Union and its Territory Notes: Part I (Articles 1- 4)

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Part I of the Indian Constitution is titled “The Union and its Territory.” It covers Articles 1 to 4 and includes laws about India’s formation as a country and the union of states that make up the nation.

This part of the constitution explains the rules for establishing, renaming, merging, or changing the borders of states. Articles under Part I were used when West Bengal was renamed and for creating new states like Jharkhand, Chhattisgarh, and Telangana.

Article 1

Name and territory of the Union

(1) India, that is Bharat, shall be a Union of States.
(2) The States and the territories thereof shall be as specified in the First Schedule.

(3) The territory of India shall comprise –

  • (a) the territories of the States;
  • (b) the Union territories specified in the First Schedule; and
  • (c) such other territories as may be acquired.

Read Also: The Preamble of the Indian Constitution: Full Explanation

Article 2

Admission or establishment of new States

Parliament may by law admit into the Union, or establish, new States on such terms and conditions as it thinks fit.

Article 2a: Sikkim to be associated with the Union.

Article 3

Formation of new States and alteration of areas, boundaries, or names of existing States

Parliament may by law –

(a) form a new State by separation of territory from any State or by uniting two or more States or parts of States or by uniting any territory to a part of any State;
(b) increase the area of any State;
(c) diminish the area of any State;
(d) alter the boundaries of any State;

(e) alter the name of any State:

Conditions for Introducing Bills in Parliament

A Bill related to the establishment, renaming, merging, or altering the borders of states can only be introduced in either House of Parliament if:

  1. The President recommends the Bill.
  2. If the Bill affects the area, boundaries, or name of any state, it must be sent by the President to the Legislature of that state for its opinion. The state must express its views within the time specified by the President or any extended period allowed by the President. Only after this period has expired can the Bill proceed.

Explanation I: In this context, “State” includes Union territories in clauses (a) to (e), but in the proviso, “State” does not include Union territories.

Explanation II: The power given to Parliament by clause (a) includes the ability to form a new State or Union territory by combining parts of existing States or Union territories.

Read Also: Difference between Lok Sabha and Rajya Sabha: Complete Details

Article 4

Laws made under articles 2 and 3 to provide for the amendment of the First and the Fourth Schedule and supplemental, incidental, and consequential matters

Provisions for Amending Schedules and Related Matters

  • Any law mentioned in Article 2 or Article 3 must include changes to the First Schedule and the Fourth Schedule as needed to implement the law. It may also include additional related provisions, such as rules about representation in Parliament and state legislatures, as Parliament sees fit.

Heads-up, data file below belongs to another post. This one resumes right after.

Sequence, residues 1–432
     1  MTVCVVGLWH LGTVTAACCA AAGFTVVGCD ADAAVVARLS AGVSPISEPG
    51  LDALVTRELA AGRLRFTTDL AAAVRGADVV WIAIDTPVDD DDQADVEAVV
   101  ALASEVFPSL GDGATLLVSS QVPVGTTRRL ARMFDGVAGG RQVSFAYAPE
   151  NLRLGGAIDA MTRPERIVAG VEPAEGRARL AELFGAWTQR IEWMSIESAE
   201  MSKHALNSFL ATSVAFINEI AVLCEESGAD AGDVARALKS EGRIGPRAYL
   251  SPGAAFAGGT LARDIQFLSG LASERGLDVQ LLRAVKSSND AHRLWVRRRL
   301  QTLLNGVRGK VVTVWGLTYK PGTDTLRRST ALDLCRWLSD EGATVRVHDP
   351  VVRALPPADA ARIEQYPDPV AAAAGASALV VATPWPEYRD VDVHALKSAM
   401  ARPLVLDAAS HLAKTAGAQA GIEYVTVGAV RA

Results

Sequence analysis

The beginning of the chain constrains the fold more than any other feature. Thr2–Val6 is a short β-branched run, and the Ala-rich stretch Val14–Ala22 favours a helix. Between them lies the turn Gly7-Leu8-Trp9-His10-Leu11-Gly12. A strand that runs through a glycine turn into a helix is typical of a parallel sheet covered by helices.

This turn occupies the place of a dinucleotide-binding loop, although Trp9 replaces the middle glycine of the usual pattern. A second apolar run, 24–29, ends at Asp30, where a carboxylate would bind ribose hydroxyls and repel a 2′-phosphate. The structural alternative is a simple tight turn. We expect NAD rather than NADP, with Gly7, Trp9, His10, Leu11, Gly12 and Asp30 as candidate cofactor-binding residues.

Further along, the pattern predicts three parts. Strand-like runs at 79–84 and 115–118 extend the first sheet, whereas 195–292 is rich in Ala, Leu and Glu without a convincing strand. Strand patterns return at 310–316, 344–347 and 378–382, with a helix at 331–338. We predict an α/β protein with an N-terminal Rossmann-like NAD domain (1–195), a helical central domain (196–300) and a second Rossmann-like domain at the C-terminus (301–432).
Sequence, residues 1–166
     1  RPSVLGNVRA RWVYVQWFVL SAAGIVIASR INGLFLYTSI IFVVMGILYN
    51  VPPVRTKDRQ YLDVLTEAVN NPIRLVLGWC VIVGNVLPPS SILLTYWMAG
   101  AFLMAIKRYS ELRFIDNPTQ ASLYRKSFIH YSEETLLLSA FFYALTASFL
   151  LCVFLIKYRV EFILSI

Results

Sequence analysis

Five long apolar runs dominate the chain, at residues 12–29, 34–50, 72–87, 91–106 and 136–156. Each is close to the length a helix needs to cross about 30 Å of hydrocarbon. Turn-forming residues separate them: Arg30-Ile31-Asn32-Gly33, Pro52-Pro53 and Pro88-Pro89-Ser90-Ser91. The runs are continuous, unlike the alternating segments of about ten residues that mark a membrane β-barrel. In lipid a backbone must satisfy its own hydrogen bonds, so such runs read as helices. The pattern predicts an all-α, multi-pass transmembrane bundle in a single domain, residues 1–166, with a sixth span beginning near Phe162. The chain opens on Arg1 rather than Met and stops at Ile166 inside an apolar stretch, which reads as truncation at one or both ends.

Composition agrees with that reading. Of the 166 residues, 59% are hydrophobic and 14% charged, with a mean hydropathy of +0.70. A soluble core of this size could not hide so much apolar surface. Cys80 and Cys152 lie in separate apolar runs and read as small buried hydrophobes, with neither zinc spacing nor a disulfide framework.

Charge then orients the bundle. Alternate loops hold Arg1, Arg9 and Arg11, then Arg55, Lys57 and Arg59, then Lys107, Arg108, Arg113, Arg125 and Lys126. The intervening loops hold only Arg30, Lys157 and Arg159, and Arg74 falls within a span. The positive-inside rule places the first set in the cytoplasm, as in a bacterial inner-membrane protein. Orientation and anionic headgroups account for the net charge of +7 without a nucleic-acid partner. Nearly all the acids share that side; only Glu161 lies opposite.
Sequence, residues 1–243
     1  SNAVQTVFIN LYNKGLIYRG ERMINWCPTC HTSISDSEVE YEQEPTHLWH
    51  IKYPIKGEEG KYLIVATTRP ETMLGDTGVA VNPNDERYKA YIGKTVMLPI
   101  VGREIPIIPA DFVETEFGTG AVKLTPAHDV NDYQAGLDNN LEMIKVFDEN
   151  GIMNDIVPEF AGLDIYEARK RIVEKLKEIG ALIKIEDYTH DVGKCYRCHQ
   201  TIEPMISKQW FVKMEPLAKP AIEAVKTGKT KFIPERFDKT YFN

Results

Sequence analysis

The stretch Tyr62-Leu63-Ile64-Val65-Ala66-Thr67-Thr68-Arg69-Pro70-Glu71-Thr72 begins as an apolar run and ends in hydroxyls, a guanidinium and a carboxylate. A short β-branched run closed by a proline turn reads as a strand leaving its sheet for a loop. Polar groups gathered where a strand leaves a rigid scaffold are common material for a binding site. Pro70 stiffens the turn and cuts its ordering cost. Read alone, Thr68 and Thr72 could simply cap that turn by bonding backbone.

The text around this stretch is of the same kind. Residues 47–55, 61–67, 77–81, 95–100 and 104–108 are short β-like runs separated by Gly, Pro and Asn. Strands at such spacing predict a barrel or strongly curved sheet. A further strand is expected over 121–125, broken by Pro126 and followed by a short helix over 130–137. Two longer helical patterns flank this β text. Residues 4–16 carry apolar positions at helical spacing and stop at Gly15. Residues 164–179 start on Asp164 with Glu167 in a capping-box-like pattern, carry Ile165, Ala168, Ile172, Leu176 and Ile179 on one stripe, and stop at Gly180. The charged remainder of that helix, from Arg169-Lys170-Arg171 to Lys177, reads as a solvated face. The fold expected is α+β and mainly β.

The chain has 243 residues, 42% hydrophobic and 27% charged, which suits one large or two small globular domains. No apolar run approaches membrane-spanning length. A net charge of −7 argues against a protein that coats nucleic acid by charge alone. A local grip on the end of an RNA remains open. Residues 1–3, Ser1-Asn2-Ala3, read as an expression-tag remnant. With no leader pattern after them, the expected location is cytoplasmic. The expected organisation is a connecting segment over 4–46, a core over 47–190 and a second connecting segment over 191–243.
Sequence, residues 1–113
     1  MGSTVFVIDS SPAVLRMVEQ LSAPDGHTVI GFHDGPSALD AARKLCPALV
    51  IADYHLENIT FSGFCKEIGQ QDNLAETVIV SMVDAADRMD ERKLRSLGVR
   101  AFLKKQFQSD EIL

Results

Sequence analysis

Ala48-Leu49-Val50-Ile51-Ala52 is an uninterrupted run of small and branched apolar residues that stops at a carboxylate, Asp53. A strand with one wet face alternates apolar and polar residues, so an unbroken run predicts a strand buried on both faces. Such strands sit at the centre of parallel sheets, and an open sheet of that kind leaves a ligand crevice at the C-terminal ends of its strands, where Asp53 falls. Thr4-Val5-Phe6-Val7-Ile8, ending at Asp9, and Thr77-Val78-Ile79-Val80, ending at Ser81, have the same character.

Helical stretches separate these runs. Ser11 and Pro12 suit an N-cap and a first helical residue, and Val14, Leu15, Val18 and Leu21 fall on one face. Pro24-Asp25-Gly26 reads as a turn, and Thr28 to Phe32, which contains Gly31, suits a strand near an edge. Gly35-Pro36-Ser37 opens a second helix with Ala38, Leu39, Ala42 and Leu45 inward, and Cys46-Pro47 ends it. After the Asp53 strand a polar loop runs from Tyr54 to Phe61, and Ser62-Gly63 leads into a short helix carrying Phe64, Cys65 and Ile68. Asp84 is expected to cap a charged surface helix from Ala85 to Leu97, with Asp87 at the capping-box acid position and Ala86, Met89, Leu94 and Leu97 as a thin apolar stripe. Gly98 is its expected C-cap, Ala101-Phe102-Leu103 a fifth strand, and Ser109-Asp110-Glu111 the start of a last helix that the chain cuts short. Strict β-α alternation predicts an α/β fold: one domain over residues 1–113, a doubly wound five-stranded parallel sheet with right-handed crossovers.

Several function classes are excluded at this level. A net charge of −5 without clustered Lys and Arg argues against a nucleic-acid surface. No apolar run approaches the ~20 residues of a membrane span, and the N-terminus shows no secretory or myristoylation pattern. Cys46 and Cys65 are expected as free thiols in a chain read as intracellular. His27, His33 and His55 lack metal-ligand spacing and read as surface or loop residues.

• Such a law will not be considered an amendment to the Constitution under Article 368.

The Union and the Territory (Articles 1- 4): Key Info

Territorial Waters vs. International Waters

Territorial waters and exclusive economic zones (EEZ) are included in the states or union territories unless listed separately in Schedules 1 and 4 of the constitution.

  • Article for Sikkim’s inclusion in India: Article 2a.
  • Article for Telangana’s inclusion in India: Article 3.

Article 3 was amended by the Constitution (Fifth Amendment) Act on December 24, 1955.

Part I of the constitution doesn’t mention India as a federal state but uses the term “Union of States.”

Exclusive Economic Zone (EEZ):

  • Defined by the United Nations Convention on the Law of the Sea.
  • Extends up to 200 nautical miles (370 km) from a country’s coast.
  • Gives a state special rights to explore and use marine resources, including energy production from water and wind.

Difference Between Territorial Waters and EEZ:

  • Territorial Waters: The country has full control over these waters.
  • EEZ: The country has rights only below the sea surface. The surface waters are international waters.

Constitution (40th Amendment) Act, 1976:

  • Article 297 was updated to give the Union of India control over all resources within territorial waters, the continental shelf, or the EEZ.

Maritime Zones Act, 1976:

  • Enacted by the Indian government to establish sovereign rights over these areas when dealing with other countries.

Taxation and Royalty:

  • It is unclear if states can tax or charge royalties on resources extracted from territorial waters and the EEZ. This is still under the states’ jurisdiction according to item 50 of the state list in the Seventh Schedule of the Constitution.

State Creation or Destruction:

  • The consent of the concerned state is not mandatory under the Indian Constitution. However, the bill must be sent to the state legislature for its opinion.
  • The President of India’s recommendation is required for bills concerning the creation or renaming of states (Article 3). This is not necessary for the creation of new states under Article 2.

More Indian Polity Notes:

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